The other 10 per cent of vCB is used for UV absorption, as a conducting agent in plastics, inks, and coatings, or as a pigment.

What are the different grades of carbon black?

There are over forty vCB grades in the world. The American Society for Testing and Materials (ASTM D1765), has classified these grades based on their manufacturing process, particle size, surface area, aggregate structure, abrasion resistance, and extrusion. These grades also determine applications of vCB as you can see in Table 1.

vCB Grade(ASTM designation)Particlesize (nm)Surfacearea (m2/g)Applications
N11015-18124-130High reinforcement. Used in tire products with high abrasion resistance.
N13420-25145High reinforcement. Premium tread for passenger, bus, and truck tires.
N22020-25112-115High reinforcement, tear strength, abrasion resistance. Tread for trucks and passenger tires.
N23424-33125High reinforcement. Has many applications, like tread for trucks.
N33028-3676-80Medium-high reinforcement, good flex and wear properties. Tread, carcass, and sidewall compounds for bicycle, passenger, and truck tires and rubber goods.
N33928-3695Medium-high reinforcement. Passenger tire treads, body compounds for tires, conveyor belts, and motor mounts.
N55039-5539-41Medium-high reinforcement and smooth extrusion. Used in inner liners, carcass, and sidewalls for passenger tires, rubber goods, hose, and extruded products.
N66056-7034-36Medium reinforcement, good flex, and fatigue resistance. Used in inner liners, sidewalls, sealing rings, cable jackets for tires, and rubber molding and extruded goods.
N77071-9631-32Semi-reinforcing. Inner liners for tires and rubber goods.
N880180-20017-20Low reinforcement. Used for non-tire rubber and plastic products.
N990250-3507-9Low reinforcement, hardness, and tensile strength; high loading capacity and elongation. Used for tire inner liners and rubber and plastic products, like wire insulation, footwear, belts, hose, etc.
Table 1: Carbon black grades, their properties, and applications. Based on IARC Monographs volume 93, Threepopnatkul et al. 2006, Li et al. 2008, and Bera et al. 2018.

Just as the manufacturing process and feedstock yield different grades of vCB, there are also numerous variables in recovered carbon black. rCBs can have different particle sizes, aggregate morphology, ash content, and surface area and activity. rCBs can also be a mixture of various vCBs, volatile hydrocarbons, and ash content, making them difficult to classify. Presently, all rCBs fall into a single class, despite their different properties.

Therefore, in 2019, the Recovered Carbon Black Congress in Berlin, agreed to consider rCB as new material. And the ASTM workgroup 36 is currently formulating tests and quality descriptions for rCBs.

Carbon black in tires

In the early 1900s, a few years after Goodrich Tire Company began buying Carbon Black to improve the quality of their rubber, Sidney Charles Mote and a team of scientists discovered that Carbon Black had a reinforcing effect on rubber products. 

The addition of Carbon Black greatly improved the abrasion resistance and strength of tires. Within a few years, the use of Carbon Black rubber mixtures became standard industry practice for tire manufacturers.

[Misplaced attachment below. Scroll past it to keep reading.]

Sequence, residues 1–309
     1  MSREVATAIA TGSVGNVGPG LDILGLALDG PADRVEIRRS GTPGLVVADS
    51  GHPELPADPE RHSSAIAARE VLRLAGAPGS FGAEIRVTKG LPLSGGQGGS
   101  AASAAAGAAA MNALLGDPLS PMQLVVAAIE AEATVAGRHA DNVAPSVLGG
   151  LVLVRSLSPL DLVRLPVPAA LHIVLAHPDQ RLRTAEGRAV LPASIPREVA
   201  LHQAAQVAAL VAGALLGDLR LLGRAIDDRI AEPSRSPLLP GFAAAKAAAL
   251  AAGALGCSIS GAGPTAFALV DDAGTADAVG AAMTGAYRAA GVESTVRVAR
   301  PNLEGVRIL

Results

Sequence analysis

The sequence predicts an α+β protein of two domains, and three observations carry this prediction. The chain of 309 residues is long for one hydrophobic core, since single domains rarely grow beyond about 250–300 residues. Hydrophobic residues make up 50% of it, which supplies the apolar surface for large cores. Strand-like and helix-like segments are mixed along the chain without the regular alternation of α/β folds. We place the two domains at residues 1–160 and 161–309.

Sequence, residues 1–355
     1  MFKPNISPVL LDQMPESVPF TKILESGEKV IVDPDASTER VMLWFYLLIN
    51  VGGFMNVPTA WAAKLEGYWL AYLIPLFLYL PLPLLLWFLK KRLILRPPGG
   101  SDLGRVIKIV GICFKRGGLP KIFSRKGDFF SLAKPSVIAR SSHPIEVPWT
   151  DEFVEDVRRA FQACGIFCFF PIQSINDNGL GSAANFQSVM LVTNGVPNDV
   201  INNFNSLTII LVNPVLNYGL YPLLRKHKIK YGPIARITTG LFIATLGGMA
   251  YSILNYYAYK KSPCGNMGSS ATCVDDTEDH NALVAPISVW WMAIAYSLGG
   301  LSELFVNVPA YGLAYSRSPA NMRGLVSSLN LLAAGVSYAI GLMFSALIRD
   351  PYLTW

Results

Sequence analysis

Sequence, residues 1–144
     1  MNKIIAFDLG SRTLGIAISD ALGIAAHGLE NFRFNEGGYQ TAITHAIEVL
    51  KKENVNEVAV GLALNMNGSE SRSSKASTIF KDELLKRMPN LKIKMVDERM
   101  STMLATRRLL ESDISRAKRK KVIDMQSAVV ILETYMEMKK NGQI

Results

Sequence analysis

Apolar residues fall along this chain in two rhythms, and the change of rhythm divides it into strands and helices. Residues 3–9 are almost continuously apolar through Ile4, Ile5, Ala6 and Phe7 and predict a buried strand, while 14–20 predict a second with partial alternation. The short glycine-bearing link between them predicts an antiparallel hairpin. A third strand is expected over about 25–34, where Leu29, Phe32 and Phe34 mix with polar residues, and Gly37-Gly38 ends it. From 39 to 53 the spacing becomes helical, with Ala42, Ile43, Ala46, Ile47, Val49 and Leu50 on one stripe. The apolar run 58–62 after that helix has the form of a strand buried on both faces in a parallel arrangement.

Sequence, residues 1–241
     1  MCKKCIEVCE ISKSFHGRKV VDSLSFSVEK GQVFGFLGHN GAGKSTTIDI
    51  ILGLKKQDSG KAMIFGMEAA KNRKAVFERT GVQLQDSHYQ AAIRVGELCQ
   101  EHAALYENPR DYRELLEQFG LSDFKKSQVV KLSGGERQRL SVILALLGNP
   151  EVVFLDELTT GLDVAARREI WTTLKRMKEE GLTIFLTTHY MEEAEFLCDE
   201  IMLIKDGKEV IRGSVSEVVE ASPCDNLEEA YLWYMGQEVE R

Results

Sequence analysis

Besides reinforcement, tire manufacturers use Carbon Black because it can absorb UV light, which breaks down rubber. It also acts as an ozone scavenger and limits oxidation to prevent cracking. Coarser semi-reinforcing Carbon Black tire grades conduct the heat away from treads and belts and prevent thermal damage.

By making tires more durable and functional, carbon black tire grades make car and truck driving safer. Tire manufacturers use 73 per cent of vCB globally. Now, end-of-life tires (ELTs) can serve as an alternative feedstock to produce sustainable carbon black and close the loop.

Recovered carbon black: Sustainable focus

People discard around 1 billion tires each year globally, which has become a major waste management problem. One solution is material recovery from ELTs to provide alternative sources of carbon black, steel, oil, and gas to the tire industry.

Recovered carbon black from pyrolysis is a suitable and sustainable alternative to vCB. Major tire manufacturers have begun replacing vCB produced from fossil fuels with rCB. 

It’s because of the technical, economic, and environmental advantages rCB offers:

  • rCB can provide 100 per cent replacement for rubber and non-rubber applications of vCB.
  • rCB has few polycyclic aromatic hydrocarbons (PAHs) compared to vCB.
  • Local and regional collection and recycling can provide an assured source of rCB.
  • Prices of rCB are stable as it doesn’t depend on fossil hydrocarbons.
  • Prices for rCB are lower than vCB.
  • Pioneer tire manufacturing businesses can enjoy a head start from rCB use.
  • Reduction of carbon footprint by 80-90%. For example, Contec emits only 439kg CO2e/tonne of rCB, while carbon emissions are 2.5 tonnes CO2e/tonne of vCB production.
  • Producers can transition to a circular economy to meet EU Green Deal requirements and UN SDGs.

The sustainability and performance of rCB will see it replace many virgin Carbon Black tire grades. At Contec, we enable tire manufacturers to do just this – by providing recovered Carbon Black, Oil, and recovered Steel from ELTs as sustainable options to current industrial production. Get in touch to learn more about our sustainable solutions.